What We’re Reading- Dec 4, 2015

Congrats to SNPits blogger Emily on her new paper on the precision and accuracy of spatial assignment methods. She found that while genomic datasets with SNPs have higher accuracy than genetic datasets with microsatellites, that most samples were still poorly assigned within political boundaries, important for enforcement in wildlife trade applications. The full blog post is here.

Gender Equity in Ecology, Because its 2015
A new paper (sub) in Functional Ecology examined gender bias in peer review within that journal over the last decade. The authors found that male editors solicited reviews from fewer female reviewers than did female editors. Additionally, they found that male reviewers were more likely to turn down an invitation to review from a female rather than male editor.

Additionally, The Ecological Society of Australia held its annual conference this week, including a plenary talk by Professors Emma Johnston & Mark Burgman on gender equity in ecology. This session was covered extensively on Twitter, and has now been storified. None of the WildlifeSNPits team were there in person, but from the tweets it seems to have been a fascinating, thought-provoking and important discussion.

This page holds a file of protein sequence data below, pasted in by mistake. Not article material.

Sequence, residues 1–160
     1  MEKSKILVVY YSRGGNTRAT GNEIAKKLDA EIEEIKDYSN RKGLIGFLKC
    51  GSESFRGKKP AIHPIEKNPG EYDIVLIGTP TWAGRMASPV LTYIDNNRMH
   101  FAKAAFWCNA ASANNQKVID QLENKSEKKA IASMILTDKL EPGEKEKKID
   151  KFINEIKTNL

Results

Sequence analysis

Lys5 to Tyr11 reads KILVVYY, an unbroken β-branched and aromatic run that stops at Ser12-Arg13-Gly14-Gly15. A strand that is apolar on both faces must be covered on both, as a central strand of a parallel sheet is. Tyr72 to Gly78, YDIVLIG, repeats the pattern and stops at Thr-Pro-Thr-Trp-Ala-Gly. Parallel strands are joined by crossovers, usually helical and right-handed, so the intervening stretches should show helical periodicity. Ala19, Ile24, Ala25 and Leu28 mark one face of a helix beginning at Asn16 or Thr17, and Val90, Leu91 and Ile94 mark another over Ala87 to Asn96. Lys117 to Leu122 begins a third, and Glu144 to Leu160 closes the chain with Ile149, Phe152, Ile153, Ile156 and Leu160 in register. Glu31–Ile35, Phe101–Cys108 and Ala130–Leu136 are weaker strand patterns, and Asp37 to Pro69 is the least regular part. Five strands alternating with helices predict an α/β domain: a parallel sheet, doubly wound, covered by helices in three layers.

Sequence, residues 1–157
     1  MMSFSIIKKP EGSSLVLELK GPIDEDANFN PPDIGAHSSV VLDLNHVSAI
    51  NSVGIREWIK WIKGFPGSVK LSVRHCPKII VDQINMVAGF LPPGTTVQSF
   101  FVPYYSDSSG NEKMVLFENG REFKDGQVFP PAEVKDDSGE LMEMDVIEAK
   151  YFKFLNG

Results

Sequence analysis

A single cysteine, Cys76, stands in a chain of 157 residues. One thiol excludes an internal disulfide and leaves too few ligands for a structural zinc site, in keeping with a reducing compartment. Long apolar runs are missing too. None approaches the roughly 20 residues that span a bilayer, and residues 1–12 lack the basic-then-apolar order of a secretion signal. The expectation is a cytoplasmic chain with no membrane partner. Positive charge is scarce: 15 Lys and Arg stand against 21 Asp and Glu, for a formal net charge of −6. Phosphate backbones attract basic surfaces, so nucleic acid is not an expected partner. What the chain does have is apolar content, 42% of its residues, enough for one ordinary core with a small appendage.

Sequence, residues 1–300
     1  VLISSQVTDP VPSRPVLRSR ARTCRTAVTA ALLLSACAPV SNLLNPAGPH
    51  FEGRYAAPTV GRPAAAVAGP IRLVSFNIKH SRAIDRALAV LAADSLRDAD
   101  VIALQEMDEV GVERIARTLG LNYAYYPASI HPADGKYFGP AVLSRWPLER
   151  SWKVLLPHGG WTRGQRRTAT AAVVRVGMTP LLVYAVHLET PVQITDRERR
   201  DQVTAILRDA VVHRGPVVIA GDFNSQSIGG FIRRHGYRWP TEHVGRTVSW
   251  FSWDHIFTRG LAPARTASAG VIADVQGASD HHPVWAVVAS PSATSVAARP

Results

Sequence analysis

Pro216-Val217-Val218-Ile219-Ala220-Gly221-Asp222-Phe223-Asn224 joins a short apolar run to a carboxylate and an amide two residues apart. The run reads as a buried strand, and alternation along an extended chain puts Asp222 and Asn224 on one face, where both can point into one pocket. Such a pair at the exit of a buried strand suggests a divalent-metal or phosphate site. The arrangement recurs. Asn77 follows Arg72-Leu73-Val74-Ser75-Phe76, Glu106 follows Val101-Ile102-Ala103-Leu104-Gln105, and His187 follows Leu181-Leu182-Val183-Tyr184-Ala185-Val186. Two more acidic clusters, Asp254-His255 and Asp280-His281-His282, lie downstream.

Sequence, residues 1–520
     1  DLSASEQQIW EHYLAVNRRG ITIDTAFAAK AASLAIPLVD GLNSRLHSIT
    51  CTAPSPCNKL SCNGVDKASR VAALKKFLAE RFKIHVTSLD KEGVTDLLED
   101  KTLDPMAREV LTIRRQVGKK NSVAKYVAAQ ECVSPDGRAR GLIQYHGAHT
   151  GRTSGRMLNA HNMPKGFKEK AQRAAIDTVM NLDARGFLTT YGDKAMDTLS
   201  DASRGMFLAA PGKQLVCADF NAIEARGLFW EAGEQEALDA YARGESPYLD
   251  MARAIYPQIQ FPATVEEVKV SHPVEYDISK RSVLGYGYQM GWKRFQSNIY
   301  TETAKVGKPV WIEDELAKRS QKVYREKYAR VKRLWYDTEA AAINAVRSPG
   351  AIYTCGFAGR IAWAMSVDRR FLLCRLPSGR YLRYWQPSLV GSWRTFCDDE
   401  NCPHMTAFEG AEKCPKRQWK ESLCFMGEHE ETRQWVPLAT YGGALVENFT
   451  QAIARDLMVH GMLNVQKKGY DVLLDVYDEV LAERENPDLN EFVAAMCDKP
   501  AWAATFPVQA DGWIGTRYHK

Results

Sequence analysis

Feral Cats are Better Killers in Open Habitats
Not every predation attempt is successful, but what are factors that influence predation success? In Australia, researchers are particularly interested in understanding the impacts of feral cats, because introduced moggies threaten a diversity of native wildlife. This paper (open) shows that hunting success of feral cats depends upon habitat structure: if wildlife have more places to seek refuge they are less likely to get eaten. This is an important piece of research because it demonstrates one mechanism by which multiple threatening processes (e.g. fire, grazing or vegetation clearing that reduce habitat structure, and introduced predators that directly kill wildlife) can together have a greater impact on wildlife conservation than either process alone. It is definitely worth watching the video that accompanies this paper to see how collar-mounted cameras have been used to study predation by cats!

Sensitivity of eDNA Surveys
Environmental DNA (eDNA) analysis is a popular tool for detecting wildlife. As with any new tool, it is important to understand the limitations of eDNA surveys. How much confidence can you have in the sensitivity of your DNA tests? This paper (sub) provides a framework for evaluating the sensitivity of eDNA detection. They demonstrate their approach by investigating factors affecting eDNA detection success of oriental weatherloach (Misgurnus anguillicaudatus), an invasive freshwater fish, from water samples.


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